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Galactosemia is a human genetic disorder caused by a deficiency of the enzyme galactose-1-phosphate uridylyltransferase (commonly called GALT).
Children with galactosemia seem normal at birth, but begin to show symptoms as soon as they drink milk. This is because they cannot metabolize galactose, a simple sugar that results from the breakdown of lactose (the sugar found in milk).
Early symptoms of galactosemia include vomiting and diarrhea. If untreated, affected babies will develop enlarged livers, cataracts, and mental retardation. Depending on the alleles the baby has inherited, early death may result.

John and Jane Jones' newborn baby girl, Leah, has just been diagnosed with galactosemia. Prior to their genetic counseling appointment, they submitted this family history:

John and Jane's older child, a son named Lee, does not have galactosemia.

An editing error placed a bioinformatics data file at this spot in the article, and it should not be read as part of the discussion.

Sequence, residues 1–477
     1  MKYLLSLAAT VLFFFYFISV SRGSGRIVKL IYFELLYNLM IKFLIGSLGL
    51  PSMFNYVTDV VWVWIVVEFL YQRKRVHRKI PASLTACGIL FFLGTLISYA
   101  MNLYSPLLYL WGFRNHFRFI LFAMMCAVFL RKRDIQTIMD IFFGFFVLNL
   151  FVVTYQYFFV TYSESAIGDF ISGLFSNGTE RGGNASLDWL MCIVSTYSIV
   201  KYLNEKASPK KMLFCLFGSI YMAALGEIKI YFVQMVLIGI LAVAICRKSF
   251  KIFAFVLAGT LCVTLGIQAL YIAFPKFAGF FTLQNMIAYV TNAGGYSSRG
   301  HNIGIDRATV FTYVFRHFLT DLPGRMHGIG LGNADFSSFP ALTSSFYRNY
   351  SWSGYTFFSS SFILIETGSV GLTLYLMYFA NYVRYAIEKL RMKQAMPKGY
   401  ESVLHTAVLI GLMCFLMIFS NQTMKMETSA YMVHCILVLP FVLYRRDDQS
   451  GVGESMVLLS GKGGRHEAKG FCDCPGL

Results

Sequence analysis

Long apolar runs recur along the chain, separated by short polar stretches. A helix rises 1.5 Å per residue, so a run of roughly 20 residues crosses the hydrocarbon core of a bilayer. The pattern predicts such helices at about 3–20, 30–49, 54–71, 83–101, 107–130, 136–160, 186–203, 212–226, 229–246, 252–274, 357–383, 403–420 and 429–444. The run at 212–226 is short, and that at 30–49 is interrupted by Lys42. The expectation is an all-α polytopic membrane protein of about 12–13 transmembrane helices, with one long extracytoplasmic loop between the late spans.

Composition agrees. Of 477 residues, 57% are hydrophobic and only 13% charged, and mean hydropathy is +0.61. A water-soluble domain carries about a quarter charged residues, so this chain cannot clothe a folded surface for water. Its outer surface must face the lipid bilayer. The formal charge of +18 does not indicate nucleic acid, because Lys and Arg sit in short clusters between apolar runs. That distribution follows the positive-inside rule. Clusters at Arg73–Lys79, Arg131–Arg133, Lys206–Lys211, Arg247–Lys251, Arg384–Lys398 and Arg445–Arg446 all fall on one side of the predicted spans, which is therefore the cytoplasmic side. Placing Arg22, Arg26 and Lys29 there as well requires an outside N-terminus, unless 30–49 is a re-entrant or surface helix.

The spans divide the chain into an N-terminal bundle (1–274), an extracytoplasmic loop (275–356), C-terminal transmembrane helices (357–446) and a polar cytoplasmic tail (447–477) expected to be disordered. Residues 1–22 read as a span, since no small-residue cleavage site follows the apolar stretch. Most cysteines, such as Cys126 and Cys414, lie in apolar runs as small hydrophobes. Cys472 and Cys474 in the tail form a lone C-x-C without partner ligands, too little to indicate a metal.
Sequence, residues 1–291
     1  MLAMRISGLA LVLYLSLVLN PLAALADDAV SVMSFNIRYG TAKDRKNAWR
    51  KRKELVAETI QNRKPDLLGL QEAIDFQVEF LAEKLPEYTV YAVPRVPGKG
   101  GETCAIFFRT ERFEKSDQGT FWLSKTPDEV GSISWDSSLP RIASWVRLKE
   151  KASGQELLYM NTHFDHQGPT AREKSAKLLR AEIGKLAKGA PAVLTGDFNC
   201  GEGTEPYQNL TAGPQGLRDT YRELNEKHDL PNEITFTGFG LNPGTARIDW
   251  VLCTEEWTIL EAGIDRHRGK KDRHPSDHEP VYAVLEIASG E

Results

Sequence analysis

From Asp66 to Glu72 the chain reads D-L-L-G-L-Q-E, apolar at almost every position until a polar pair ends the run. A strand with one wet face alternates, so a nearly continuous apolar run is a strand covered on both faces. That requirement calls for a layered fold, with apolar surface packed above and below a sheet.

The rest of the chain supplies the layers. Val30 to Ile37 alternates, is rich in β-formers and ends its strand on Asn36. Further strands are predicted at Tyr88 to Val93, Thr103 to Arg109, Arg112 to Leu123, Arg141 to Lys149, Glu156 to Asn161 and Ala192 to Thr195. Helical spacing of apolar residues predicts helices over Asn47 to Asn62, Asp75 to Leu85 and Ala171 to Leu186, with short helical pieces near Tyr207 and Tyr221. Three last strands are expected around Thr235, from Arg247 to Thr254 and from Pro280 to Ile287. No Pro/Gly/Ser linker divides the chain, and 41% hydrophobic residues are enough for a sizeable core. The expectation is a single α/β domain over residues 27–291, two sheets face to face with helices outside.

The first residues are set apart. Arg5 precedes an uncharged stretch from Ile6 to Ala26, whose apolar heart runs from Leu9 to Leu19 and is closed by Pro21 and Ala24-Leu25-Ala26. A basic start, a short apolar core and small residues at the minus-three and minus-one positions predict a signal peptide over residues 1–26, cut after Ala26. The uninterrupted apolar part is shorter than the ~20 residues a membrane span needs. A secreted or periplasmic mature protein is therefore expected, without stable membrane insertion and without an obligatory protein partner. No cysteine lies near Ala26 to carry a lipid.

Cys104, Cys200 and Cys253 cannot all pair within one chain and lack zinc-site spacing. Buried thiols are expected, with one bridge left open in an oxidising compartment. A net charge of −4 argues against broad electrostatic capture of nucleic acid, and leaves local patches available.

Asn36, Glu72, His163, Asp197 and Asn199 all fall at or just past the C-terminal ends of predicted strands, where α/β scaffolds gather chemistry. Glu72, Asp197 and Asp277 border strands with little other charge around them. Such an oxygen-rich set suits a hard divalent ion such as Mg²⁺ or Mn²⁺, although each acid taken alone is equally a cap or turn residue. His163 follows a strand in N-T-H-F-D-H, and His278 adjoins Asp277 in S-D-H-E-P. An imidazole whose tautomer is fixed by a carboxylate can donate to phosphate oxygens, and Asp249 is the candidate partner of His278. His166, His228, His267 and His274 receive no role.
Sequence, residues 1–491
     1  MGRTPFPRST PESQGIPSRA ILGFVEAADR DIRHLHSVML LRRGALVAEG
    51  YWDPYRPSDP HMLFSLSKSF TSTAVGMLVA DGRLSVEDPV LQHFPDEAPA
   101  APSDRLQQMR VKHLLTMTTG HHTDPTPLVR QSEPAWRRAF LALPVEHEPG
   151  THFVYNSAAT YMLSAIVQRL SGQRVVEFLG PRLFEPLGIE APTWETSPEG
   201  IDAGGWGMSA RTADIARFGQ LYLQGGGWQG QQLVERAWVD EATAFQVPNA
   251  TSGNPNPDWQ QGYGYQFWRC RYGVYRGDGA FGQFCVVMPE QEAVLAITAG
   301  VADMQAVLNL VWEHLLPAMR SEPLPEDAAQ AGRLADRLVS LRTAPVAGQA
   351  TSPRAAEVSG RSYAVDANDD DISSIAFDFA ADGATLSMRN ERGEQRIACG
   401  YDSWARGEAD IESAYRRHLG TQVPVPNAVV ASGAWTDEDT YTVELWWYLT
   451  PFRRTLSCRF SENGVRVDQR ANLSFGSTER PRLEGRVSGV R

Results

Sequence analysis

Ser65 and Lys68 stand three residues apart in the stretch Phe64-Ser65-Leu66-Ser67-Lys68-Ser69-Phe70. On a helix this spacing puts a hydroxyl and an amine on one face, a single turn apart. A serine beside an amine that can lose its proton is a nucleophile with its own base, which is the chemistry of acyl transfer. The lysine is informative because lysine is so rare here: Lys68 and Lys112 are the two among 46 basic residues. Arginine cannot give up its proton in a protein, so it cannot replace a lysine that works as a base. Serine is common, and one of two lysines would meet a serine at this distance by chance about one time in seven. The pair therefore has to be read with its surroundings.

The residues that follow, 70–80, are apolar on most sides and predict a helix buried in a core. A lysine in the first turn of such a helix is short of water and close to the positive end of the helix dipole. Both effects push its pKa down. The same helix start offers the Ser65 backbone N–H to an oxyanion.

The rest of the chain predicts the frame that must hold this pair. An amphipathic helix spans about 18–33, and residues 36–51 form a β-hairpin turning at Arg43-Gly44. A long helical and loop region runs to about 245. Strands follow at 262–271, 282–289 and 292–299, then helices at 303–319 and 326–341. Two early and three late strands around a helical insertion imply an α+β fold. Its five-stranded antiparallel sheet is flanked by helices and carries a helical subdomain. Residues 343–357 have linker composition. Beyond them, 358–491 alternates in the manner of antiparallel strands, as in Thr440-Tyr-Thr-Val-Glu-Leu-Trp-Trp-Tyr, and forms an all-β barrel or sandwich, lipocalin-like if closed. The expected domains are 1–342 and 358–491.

John is the only child of Hanna and Harry.
Harry was an only child. Hanna has two older sisters, Hope (the oldest) and Holly.
Both Harry and Hanna's parents lived in good health into their 80s.
Jane's brother, Joe, is married to Jen. They have a son, Les, who is a healthy nine-year-old with myopia (nearsightedness) but no sign of galactosemia.
Jane's mother, Hilda, is alive and healthy; Jane's father, Henry, passed away last year of a sudden heart attack. Hilda and Henry have no family history of galactosemia.

Use the information in the family history to construct a pedigree for this family.
Drag the correct symbols to their appropriate locations on the pedigree below. Not all symbols will be used.Hann